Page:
Primavera Sound Review: P.I.L, Glasser, Blank Dogs, Glenn Branca Ensemble, Suicide, May 26 Parc del Forum

Barcelona – On the second day (and first full day) of the Primavera Sound Festival, there seemed to be a recurring theme to the bands I was seeing, and that theme was old guys.  P.I.L, Suicide, Glenn Branca, even Wayne Coyne of The Flaming Lips – all in the 50 plus club.  Despite their age though, these old guys showed that they still had it, whatever “it” is, thus making a good case against a mandatory retirement age for rock.  Sure, I saw some younger acts too, but the old guys put on some of the more interesting sets of the day. 

If we’re talking old guys, nobody does angry old curmudgeon better than John Lydon of Public Image Ltd.  I had seen Lydon live once before in his guise as Johnny Rotten for the Sex Pistols Filthy Lucre tour, and I have to say I found this show to be a lot more impressive.  He may be getting up there, but Johnny’s just as caustic as ever and still a pretty commanding presence onstage.  Also, P.I.L. seem to be well aware that at a massive multi-stage music festival, people like to move around a bit and accommodated those of us who might have wanted to check out another band during their slot by playing their biggest hit, This Is Not A Love Song, about four or five songs into their set.  Satisfied that I got to hear that, off I went in search of other bands.

Of course, not all of the bands I saw on this night were old enough to be collecting pensions, and the next couple of slots would be filled by Glasser and Blank Dogs.  Glasser put on a fairly enjoyable set highlighted by Cameron Masirow’s strong voice and odd, jerky dance movements.  Also of note was her outfit, a weird pink number with a big poufy thing stuck on the front of it.  It kind of looked like a Value Village version of something Bjork might wear.  They even got a chance to do an encore,with Mesirow returning to the stage to sing a solo a capella song.  This is not something one would expect to see from one of the smaller bands on the bill at a North American festival, where timeslots are also generally shorter (almost every band at Primavera got at least a full hour onstage).  After Glasser, I caught a few songs by Blank Dogs on the intimate Ray Ban Unplugged stage.  Why it’s called unplugged I’ll never know, since Blank Dogs and every other band I saw at that stage played fully amplified sets.  Fronted by a hoodie clad Mike Sniper, they played some decent post-punk-ish tunes.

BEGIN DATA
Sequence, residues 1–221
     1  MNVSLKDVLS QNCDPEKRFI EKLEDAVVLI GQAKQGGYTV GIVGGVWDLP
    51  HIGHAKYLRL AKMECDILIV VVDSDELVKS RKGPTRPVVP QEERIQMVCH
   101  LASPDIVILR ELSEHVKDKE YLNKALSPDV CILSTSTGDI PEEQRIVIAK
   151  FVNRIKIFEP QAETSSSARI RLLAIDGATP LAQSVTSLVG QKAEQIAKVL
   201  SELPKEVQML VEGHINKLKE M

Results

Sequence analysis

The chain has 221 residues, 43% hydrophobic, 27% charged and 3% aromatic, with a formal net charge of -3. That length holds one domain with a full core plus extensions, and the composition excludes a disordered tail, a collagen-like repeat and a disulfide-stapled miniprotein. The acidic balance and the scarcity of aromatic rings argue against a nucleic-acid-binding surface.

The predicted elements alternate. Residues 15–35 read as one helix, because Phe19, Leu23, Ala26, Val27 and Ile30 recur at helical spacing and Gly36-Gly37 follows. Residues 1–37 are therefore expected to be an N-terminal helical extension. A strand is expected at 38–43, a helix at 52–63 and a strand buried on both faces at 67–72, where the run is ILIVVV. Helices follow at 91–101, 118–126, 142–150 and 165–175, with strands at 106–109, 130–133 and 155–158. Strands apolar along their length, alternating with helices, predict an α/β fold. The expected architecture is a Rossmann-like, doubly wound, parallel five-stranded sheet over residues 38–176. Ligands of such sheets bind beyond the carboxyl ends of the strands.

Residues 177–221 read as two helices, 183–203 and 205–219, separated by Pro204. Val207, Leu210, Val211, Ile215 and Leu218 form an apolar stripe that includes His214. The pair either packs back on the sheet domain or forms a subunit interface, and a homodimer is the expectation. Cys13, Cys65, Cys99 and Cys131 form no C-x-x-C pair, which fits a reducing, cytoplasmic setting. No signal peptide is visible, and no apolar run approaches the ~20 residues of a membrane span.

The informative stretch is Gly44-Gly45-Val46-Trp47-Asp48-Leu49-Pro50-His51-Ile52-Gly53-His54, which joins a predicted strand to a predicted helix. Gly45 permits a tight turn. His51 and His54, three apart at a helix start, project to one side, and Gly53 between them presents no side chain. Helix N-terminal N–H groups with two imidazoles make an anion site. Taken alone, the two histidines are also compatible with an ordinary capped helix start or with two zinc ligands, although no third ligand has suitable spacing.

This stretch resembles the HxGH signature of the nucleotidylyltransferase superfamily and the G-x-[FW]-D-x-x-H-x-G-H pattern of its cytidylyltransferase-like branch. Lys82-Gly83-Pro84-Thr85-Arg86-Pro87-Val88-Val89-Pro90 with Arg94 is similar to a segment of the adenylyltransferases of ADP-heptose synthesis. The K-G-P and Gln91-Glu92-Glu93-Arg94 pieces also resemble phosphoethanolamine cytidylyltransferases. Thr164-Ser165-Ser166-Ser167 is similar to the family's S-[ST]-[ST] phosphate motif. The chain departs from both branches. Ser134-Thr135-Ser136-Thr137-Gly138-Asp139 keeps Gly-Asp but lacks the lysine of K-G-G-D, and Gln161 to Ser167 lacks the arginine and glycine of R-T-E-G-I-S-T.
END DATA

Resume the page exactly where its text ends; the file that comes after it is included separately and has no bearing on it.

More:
Passing up the chance to see The Walkmen and Grinderman during the 11:00 slot,  I opted instead for The Glenn Branca Ensemble, who certainly put on one of the more unique sets of the entire festival.  The avant garde composer took to the stage with his seven piece ensemble and began to conduct them as one would a more traditional orchestra.  The band played a set of complex instrumental pieces that brought to mind Mogwai and Sonic Youth. Branca himself was a sight to behold as he moved his arms about wildly, gesticulating towards the members of his ensemble.  Branca was really getting into it, and rightfully so.  I mean, they are his own compositions after all.

If there were such a thing, the award for oldest performers on the bill would undoubtedly go to Suicide. Vocalist Alan Vega is 72 years old!  For only two guys, they put on one of the loudest sets of the festival.  That, combined with the fact that such luminaries as Nick Cave, Wayne Coyne and Jarvis Cocker would go on to sing their praises onstage proves that this was one of the must see shows of the festival.  Despite the dark heaviness of their sound, they inspired a fair bit of dancing and merriment from the crowd.  I witnessed a group of girls young enough to be their daughters, or let’s face it, granddaughters, really getting into it, dancing along to songs off their 1977 debut such as “Frankie Teardrop” and “Rocket USA.”  Perhaps MIA’s recent sampling of “Ghost Rider” piqued their interest.  Whatever the reason, it made for one of the best moments of the fest and set a good standard for the rest of the festival.

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Posted on by Paul in Primavera

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